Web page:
“Lord make me an instrument of thy peace.”
~St. Francis of Assisi, Patron Saint of Animals
*For the record,I’m not a douche-can. There is no judgement in this piece. Please continue telling me how much you love your bbq.
When I was 15 years old, my high school buddy gave me a book that changed my life: Diet For a New America by John Robbins of the Baskin-Robbins ice cream empire (insert irony).
I read that book in two days and was forever changed. Growing up I was always uninterested in eating meat, instead reaching for an orange or a plate of vegetables. It was just what I was naturally drawn to. I didn’t know at the time, but somewhere in my little body I knew that eating meat wasn’t right for me. My love for animals has been so strong since day one and I just felt weird about cutting their heads off and sticking them in the oven.
Then came the book. After swallowing this truth bomb whole, I could no longer ignore the fact that animals were being severely abused and that factory farming in America was abso-fucking-lutely out of control. I was horrified at my newfound realization that I had been eating animals who, from the day they were born, were treated like garbage.
One evening, as I stood at the head of the kitchen table dictator-style, I announced that I was done, done, done with eating meat and if my family didn’t want to play ball I would just stop eating, period. I was as serious as a heart attack and no one—I mean no one—was going to tell me any differently. I couldn’t unlearn what I now knew. And those feelings I had all my life about eating meat… well, in my mind, they were totally validated. I knew that I was actually feeling the suffering of the animal I was tearing into at dinner and no amount of béarnaise sauce was going to cover that taste in my soul. The game was over.
What came next was a mixed bag of comedy and complete and utter stupidity. People and some family members who will go unnamed (I’m half Greek, they can’t help but say crazy shit) started spewing out their version of “facts”: “If you don’t eat meat, you are going to get really sick and end up in a hospital,” “if you don’t eat meat, your skin is going to turn grey and you are going to age quickly,” and my all-time favorite, “if you don’t eat meat, men aren’t going to want to marry you.”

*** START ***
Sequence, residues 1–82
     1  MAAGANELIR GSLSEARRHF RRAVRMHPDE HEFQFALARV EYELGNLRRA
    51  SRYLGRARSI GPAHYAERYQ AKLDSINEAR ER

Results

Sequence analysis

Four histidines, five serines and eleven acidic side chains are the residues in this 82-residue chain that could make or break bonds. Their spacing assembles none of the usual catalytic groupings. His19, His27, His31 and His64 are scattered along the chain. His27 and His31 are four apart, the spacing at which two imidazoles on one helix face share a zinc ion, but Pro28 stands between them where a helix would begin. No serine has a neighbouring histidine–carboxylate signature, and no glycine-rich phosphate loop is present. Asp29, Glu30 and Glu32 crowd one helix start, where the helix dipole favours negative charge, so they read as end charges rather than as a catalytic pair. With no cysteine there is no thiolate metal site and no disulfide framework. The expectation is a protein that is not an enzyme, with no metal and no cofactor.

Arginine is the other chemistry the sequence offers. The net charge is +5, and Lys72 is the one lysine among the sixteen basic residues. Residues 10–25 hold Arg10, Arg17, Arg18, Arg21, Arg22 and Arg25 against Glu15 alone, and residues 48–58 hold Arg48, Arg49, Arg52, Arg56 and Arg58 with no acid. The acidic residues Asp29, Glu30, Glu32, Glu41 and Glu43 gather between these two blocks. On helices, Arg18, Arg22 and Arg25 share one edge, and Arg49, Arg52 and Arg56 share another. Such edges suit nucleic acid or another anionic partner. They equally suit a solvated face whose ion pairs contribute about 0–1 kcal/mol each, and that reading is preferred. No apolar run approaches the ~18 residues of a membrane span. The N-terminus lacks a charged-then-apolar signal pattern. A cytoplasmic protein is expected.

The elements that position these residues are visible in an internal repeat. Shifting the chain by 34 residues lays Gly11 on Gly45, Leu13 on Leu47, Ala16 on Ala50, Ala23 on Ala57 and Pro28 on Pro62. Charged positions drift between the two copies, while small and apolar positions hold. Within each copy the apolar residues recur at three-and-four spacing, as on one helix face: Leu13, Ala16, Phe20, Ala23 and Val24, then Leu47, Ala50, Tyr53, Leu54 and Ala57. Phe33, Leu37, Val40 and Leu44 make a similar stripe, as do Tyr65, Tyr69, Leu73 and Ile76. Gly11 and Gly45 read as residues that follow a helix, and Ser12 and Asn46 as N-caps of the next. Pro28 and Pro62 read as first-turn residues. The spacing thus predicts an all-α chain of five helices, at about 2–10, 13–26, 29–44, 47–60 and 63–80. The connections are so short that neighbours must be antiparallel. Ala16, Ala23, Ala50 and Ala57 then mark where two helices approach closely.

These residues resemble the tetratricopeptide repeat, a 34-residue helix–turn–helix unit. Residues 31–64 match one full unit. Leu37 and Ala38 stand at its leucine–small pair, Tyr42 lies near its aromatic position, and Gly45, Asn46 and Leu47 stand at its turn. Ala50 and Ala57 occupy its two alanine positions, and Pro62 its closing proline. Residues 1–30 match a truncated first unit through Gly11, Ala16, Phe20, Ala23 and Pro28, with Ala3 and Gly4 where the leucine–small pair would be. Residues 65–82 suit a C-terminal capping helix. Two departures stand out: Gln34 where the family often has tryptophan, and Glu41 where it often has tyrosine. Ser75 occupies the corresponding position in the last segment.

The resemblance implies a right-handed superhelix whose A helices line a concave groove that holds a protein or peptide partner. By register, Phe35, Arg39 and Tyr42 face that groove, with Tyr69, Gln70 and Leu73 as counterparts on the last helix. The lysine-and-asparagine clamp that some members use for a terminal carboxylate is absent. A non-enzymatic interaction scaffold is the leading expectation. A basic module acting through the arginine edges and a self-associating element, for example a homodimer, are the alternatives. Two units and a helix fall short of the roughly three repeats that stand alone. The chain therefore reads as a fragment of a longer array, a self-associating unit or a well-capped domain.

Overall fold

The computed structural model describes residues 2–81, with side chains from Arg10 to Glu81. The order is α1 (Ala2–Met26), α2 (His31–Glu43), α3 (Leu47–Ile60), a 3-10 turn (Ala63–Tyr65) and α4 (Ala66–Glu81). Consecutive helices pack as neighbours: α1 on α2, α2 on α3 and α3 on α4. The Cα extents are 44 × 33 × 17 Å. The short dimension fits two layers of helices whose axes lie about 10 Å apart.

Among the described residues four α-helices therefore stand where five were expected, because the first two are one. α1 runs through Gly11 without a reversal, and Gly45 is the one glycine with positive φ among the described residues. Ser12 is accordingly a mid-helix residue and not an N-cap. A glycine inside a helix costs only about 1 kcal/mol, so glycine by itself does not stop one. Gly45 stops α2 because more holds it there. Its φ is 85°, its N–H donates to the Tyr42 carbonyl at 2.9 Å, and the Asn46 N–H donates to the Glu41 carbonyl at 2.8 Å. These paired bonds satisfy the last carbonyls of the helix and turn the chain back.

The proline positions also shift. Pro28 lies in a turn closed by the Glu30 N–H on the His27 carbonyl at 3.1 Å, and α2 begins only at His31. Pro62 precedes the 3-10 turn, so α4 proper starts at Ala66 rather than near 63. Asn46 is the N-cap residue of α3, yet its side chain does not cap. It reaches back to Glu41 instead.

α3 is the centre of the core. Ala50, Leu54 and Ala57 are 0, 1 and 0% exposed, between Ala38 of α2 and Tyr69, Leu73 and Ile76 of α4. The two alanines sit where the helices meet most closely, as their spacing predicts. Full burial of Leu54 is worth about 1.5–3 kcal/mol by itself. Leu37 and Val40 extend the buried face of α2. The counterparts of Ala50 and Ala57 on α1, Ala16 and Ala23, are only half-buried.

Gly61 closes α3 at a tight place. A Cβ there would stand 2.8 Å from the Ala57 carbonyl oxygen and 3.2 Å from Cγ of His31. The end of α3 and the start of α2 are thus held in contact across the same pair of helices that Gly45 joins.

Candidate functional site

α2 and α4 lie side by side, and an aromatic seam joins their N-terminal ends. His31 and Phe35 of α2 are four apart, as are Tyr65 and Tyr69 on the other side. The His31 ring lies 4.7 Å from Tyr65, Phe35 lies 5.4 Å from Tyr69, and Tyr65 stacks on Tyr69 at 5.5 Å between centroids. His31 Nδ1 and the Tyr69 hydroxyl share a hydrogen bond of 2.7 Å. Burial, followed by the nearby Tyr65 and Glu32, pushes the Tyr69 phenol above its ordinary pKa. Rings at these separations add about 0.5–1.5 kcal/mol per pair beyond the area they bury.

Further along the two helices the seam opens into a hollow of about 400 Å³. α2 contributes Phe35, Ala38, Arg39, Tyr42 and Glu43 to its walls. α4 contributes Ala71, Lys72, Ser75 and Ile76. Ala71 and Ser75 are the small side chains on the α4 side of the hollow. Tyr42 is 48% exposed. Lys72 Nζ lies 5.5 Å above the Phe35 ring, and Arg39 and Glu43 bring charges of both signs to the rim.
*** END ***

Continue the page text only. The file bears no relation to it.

I wish there would have been a secret camera recording that Summa-Cum-Laude-level conversation.
The things people have said to me in the past twenty-four years have been shocking and eye-opening. I’ve realized that not eating meat is just another form of going against the grain, or as I like to call it, the super lame status quo. It’s “different” and we humans no likey when something is different. It stuns us, makes us think, and above all makes us question our own souls. Insert pain and confusion.
~Cardinal John Henry Newman
Since adopting this new lifestyle in high school, I have had a couple time periods where I ate meat. I can’t explain why, but in retrospect it seems as though I needed grounding. I’m not going all new age on you, but there are times when life gets so nuts that you’ll do anything to keep your head above water. Common suggestions in spiritual circles is to “eat a steak” or “smoke a cigar.” These prescriptions for bringing you back down to earth are as old as the hills.
When my mom was passing away, all I wanted to eat were bloody rare steaks. I hadn’t eaten a four-legged animal in twenty years and there I was, night after night, like a vampire eating filets and strip steaks with my full-bodied cabernet. I felt like Hannibal Lector in Silence of The Lambs—“I ate his liver with some fava beans and a nice chianti.” I couldn’t stop.
The twist in this tale is that my life was completely out of control at the time. I was a mess and my eating habits were an absolute window into my insanity.
As long as I can remember, my go-to line has always been “I don’t eat four-legged animals,” an easy breezy way of explaining my food choices. In times of trouble—psychic trouble—I have eaten a little chicken and fish, but I am even rethinking that whole grounding theory. I pray, meditate and feel a great love for humanity; to turn a blind eye to the abuse animals endure just so I can have a burger seems pretty counterintuitive in my eyes.
I have connected inner peace to being conscious of what kind of decisions I make when it comes to my diet. To harm another creature just feels unbearable to me, a step in the wrong direction. Just like many other issues in the world, I don’t want to support an industry or way of life that is in any way harmful to anyone. It just doesn’t make sense.
So, not eating meat seems to go hand and hand with peace. Inner and outer.
I feel good about being kind to animals. I see God in their eyes. They are my friends. And I love them.
The end.I feel good about being kind to animals. I see God in their eyes. Click To Tweet